It's the pre-Vietnam era, and America is intervening in the affairs of Pandemi, a small West African nation that has built a nuclear reactor with the help of its neighboring country, Temian. Under false pretenses of renegotiating diplomatic relationships with Pandemi, the U.S. appoints Major Jake Henry as ambassador there. Having spent his boyhood years in Pandemi where his parents were missionaries, Henry is familiar with the people and their customs. But Chuma Fasseke, Henry's boyhood friend who now is President of Pandemi, is strongly opposed to wWestern interference and displays an openness toward Russian and Chinese aid. Early on, Henry realizes that his appointment is a ruse to mask the CIA's plans to destroy the nuclear reactor and to assassinate both Fasseke and the president of Temian. Touted as a novel of international intrigue, Jacob's Ladder fails to elicit excitement or suspense. Williams uses it as a platform to preach contempt for Western aggression and imperialism in Africa and to grapple with the issue of black survival in a white society, but in the process his novel misses its mark as a political thriller. (October 15)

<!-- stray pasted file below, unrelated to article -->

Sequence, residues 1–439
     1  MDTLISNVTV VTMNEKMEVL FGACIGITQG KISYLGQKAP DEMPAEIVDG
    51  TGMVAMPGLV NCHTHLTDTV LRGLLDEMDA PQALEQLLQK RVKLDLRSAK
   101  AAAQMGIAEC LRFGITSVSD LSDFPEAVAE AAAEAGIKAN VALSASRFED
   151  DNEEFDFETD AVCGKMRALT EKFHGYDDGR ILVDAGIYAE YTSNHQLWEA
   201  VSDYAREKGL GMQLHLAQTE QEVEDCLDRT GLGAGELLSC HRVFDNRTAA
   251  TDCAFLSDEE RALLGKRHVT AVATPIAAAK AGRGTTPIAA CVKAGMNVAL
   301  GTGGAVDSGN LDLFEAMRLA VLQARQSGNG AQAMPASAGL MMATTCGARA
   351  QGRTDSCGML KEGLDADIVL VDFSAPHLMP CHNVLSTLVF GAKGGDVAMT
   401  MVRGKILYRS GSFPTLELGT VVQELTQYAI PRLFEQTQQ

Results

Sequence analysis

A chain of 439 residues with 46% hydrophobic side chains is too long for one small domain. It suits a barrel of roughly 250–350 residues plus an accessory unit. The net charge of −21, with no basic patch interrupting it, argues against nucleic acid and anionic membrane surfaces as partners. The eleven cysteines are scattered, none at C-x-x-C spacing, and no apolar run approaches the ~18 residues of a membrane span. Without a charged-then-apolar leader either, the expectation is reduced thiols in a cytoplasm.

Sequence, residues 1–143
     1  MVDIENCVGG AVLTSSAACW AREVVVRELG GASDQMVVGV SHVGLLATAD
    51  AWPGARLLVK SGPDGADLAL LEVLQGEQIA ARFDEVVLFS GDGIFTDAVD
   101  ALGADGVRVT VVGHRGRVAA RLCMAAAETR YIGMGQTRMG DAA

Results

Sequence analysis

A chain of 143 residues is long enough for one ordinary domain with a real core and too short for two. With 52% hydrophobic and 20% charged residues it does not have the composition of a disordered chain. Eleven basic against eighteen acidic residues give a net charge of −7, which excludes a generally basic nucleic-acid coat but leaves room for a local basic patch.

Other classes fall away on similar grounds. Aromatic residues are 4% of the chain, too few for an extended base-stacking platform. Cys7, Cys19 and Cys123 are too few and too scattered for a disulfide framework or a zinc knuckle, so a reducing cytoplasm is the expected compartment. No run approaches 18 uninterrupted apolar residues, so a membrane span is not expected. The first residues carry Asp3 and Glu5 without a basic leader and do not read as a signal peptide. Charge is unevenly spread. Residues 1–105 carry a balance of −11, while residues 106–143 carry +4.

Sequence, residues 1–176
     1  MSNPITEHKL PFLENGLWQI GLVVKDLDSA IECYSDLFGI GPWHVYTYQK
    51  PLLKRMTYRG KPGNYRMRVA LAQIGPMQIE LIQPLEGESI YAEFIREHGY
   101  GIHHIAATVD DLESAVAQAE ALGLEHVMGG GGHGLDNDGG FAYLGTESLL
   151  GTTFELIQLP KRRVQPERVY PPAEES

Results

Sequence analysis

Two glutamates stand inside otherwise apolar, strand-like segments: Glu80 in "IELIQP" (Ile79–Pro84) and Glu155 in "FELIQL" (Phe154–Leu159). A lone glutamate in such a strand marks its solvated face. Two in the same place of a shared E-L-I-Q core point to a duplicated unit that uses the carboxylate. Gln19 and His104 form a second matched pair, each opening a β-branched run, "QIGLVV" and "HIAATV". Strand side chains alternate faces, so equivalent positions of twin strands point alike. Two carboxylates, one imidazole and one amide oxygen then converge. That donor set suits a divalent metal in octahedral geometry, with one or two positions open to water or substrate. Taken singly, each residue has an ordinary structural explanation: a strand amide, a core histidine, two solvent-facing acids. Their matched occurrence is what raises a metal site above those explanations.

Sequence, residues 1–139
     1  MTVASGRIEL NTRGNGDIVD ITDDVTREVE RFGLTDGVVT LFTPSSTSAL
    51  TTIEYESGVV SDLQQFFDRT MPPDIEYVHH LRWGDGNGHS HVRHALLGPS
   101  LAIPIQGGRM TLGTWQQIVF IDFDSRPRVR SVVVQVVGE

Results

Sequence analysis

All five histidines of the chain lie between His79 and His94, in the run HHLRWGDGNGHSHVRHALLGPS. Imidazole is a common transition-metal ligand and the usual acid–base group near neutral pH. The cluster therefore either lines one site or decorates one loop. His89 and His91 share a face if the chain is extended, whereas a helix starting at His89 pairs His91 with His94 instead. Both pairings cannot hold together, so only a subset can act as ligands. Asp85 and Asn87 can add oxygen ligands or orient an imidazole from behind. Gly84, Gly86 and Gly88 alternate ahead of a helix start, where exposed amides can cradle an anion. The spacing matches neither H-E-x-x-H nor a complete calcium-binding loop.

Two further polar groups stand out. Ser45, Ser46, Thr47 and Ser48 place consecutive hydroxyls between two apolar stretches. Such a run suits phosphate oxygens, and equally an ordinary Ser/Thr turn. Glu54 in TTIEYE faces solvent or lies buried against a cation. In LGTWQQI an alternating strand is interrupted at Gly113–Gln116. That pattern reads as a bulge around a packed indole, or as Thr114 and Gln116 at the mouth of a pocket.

In the mid-1960s, U.S. officials are disturbed when the West African nation of Pandemi fires up the continent's first nuclear breeder reactor with the help of neighboring Temian. CIA station chief Kenneth Klein thus schemes to destroy the reactor and overthrow both countries' presidents. The plot thickens when Jacob Henry, a boyhood friend of Pandemi's president, is sent to Pandemi ostensibly as a military adviser, though even he is unsure of his role. Williams, a prolific and well-regarded black writer, makes clear his understanding of life and attitudes in West Africa and his contempt for U.S. policy in the Third World but unfortunately fails to create the suspense necessary to make this a real ``thriller.'' David W. Henderson, Eckerd Coll. Lib., St. Petersburg, Fla.